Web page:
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Father's Day: Dads and Their Teen Daughters

Dads may not appreciate their importance for their teen daughters

How does a great day between a dad and his teenage daughter suddenly turn on a dime? One great day can end in screaming and yelling, and the good feelings recede as a distant memory. Understanding that something might be going on beneath the surface of his teenage-daughter's outburst can help a dad respond in a more effective manner. Hint: Try not to over-react in the heat of an argumentative explosion.

A father once described how he had spent a great Father's Day at a baseball game with his 14-year-old daughter. As soon as they arrived home, he made a funny face and said to her, "...and don't forget that you have that exam tomorrow." A torrent of rage followed, with slamming doors and shouting: "You are the most disgusting person I know!" "Can't you loosen up a bit?" She went to her room weeping and called one of her friends. Dad became angry and confused. How did did those pleasant feelings from the afternoon evaporate?

This 14-year-old truly loved being with her dad. She actually purchased the tickets with her own money. We could surmise that as soon as they got home, particularly in the presence of mom, she felt guilty about her wishes to be alone with dad and had to turn off her own pleasant feelings of liking to be alone with dad. She turned off those feelings by creating an opposite set of feelings--hatred and criticism. She moved away from him and turned to her friends. Dads and young teen-age daughters have to confront two facts: Both need to psychologically adapt to the physical development of the girl's childhood body, on its way to becoming a mature woman's body, and both need to understand that she will begin to develop grown-up-like independent relationships, which may be totally secret from dad.

Dads may not realize their continuing importance in their daughter's lives, particularly in the midst of such a screaming battle. Dads are important protectors for their teen-age daughters, helping them develop their self-esteem during this vulnerable period of life. Dads can react to sons as replicas of themselves; they can remember being boys and they can imagine their sons growing up to become like them. In contrast, they relate to their daughters in more complex ways. Dads may have a hard time imagining how their daughters will turn out and may not realize that a young feminine girl will want to incorporate personality traits from both dad and mom. It is easier for a dad to non-verbally communicate to his son: "You can become like me." But, he may have a hard time communicating that very same message to his daughter: that she can become like him and still become a feminine woman.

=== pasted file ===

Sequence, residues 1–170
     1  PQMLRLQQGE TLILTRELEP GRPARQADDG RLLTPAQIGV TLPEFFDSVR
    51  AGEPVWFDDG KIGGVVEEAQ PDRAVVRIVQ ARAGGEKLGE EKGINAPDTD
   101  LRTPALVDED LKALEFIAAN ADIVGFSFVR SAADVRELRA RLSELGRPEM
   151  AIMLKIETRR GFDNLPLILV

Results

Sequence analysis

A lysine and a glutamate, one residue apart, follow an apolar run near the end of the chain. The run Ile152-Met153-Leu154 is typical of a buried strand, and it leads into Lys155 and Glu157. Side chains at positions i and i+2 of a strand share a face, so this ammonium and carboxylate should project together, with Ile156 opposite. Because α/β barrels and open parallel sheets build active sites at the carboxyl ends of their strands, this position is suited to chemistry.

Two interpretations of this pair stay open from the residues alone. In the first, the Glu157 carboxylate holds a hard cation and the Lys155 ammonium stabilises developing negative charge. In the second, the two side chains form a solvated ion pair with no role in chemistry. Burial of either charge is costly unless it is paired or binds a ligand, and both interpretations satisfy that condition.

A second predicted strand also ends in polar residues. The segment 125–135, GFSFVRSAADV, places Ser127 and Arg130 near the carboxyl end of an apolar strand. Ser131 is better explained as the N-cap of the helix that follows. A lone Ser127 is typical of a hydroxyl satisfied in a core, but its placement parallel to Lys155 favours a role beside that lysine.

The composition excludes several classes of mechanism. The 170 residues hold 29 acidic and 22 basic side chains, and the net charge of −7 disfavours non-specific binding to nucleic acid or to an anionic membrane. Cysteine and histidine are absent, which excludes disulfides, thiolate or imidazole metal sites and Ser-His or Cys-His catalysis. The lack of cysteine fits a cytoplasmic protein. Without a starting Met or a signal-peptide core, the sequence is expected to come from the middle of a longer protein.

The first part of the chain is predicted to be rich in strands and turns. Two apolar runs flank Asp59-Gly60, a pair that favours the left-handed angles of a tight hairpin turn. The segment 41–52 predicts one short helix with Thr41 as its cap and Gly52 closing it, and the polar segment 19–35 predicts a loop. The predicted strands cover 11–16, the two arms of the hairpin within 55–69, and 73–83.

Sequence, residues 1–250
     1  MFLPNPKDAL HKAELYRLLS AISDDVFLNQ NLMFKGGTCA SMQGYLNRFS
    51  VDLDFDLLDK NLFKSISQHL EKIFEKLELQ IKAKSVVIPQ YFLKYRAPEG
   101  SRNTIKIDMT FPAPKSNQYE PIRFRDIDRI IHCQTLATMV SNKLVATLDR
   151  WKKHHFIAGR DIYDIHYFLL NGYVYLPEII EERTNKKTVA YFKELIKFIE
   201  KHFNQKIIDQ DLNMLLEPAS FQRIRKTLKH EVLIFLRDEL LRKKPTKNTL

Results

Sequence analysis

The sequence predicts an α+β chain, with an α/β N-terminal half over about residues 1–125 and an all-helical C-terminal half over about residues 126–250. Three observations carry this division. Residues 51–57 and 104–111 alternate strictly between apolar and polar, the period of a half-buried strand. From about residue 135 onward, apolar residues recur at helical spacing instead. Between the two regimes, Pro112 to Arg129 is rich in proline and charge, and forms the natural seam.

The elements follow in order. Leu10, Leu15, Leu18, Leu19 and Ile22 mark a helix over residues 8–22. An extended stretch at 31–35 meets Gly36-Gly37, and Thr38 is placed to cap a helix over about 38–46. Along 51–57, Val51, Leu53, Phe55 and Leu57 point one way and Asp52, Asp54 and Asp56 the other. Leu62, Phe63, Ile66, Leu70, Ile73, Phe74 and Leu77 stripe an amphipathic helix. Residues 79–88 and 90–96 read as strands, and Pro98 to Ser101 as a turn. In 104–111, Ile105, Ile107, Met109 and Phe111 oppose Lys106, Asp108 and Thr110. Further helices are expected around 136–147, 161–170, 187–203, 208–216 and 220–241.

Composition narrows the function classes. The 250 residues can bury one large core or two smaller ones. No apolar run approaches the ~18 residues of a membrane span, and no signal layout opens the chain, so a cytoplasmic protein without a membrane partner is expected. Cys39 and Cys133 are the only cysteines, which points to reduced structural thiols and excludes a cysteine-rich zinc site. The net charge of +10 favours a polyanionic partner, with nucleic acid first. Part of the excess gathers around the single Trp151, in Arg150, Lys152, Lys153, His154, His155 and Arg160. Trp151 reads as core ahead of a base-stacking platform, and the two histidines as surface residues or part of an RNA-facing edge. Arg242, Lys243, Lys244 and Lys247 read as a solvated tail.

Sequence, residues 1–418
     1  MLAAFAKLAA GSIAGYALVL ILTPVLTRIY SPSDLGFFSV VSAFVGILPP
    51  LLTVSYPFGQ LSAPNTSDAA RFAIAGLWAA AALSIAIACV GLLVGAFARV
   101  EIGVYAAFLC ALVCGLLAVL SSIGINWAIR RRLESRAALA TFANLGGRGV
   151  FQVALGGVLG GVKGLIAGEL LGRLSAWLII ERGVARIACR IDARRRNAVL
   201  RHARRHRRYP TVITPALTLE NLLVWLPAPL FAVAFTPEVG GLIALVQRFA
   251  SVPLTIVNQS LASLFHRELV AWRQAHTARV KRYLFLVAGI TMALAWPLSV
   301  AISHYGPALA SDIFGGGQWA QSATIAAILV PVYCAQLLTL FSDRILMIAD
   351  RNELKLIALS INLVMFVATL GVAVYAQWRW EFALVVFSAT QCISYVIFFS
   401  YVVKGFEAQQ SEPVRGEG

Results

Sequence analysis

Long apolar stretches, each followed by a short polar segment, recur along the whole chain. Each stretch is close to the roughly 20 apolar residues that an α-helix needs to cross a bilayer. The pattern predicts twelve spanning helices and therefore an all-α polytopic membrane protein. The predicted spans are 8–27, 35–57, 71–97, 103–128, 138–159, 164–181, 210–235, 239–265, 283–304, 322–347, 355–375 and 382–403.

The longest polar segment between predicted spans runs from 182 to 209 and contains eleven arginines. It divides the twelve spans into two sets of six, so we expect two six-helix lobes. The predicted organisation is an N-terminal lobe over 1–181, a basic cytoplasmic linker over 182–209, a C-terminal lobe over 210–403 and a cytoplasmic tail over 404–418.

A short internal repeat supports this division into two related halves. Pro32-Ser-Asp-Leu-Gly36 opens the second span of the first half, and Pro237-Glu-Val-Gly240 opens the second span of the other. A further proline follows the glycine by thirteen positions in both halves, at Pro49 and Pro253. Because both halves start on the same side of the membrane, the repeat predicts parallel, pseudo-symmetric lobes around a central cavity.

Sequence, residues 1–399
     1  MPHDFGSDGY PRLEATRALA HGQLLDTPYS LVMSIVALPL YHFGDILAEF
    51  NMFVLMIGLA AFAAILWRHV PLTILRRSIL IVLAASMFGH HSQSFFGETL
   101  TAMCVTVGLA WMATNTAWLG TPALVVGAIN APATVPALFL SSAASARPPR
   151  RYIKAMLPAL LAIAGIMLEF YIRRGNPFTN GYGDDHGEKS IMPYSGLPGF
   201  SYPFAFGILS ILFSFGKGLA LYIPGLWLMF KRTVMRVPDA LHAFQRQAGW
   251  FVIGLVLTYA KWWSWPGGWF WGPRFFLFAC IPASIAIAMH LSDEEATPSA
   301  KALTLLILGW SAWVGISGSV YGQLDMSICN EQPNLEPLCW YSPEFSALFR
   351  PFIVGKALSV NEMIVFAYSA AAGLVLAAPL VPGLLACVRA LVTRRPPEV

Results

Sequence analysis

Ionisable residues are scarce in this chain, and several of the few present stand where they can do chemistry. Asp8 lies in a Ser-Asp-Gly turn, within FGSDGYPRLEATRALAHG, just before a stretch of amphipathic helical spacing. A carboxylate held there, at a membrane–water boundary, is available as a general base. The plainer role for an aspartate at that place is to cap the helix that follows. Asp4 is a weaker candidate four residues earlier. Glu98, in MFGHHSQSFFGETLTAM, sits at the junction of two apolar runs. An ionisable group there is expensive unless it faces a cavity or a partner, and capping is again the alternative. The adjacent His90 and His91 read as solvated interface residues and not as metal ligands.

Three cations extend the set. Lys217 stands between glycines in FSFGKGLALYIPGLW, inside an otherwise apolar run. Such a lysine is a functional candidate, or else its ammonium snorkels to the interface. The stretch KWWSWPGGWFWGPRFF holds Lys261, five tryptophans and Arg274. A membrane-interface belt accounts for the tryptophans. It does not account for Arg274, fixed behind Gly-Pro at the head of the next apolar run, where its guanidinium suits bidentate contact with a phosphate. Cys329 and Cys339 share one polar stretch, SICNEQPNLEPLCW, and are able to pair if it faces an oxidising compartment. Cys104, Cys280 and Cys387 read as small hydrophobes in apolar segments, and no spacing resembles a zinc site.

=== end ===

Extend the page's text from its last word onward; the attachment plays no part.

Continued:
A father may have a difficult time communicating these positive feelings to his daughter when he is uncomfortable with her developing sexuality. He may not realize the source of his discomfort; he only knows that he is constantly being provoked by his daughter to reject her, to fight with her, or to ignore her. That's a contrast to the closeness he felt before she approached puberty. A dad should ask himself: "Why do I feel that way?" This may allow him to understand her reactions and it may allow him to modify his reactions to his daughter.

The greater the dad's comfort in relating to his daughter both as a girl with a girl's body as well as a whole person, the more comfortable he can be during the onset of her sexual development. Mom's comfort with her own sense of self as a woman helps a girl develop comfort as a developing woman. In addition, dad's comfort with his daughter as a girl and as a person helps her experience and accept herself in a more positive way as well. A father can communicate, again not directly, how he, a man, feels, thinks, and acts. This allows the daughter an opportunity to integrate her father's values, needs, and aspirations for herself--as well as begin to imagine relating to the opposite sex.

A father should try to react with equanimity when provoked by a tempestuous daughter. What is most crucial, is that a father should communicate that he accepts her fully as a human being as well as a developing woman. He can communicate both his own sense of competency as a man as well as permit her to identify with him. Our best hope for our children is to communicate to them a sense that we are who we are and we will try our best with ourselves and with them. And with a little luck, things will work out pretty well.

Leon Hoffman, MD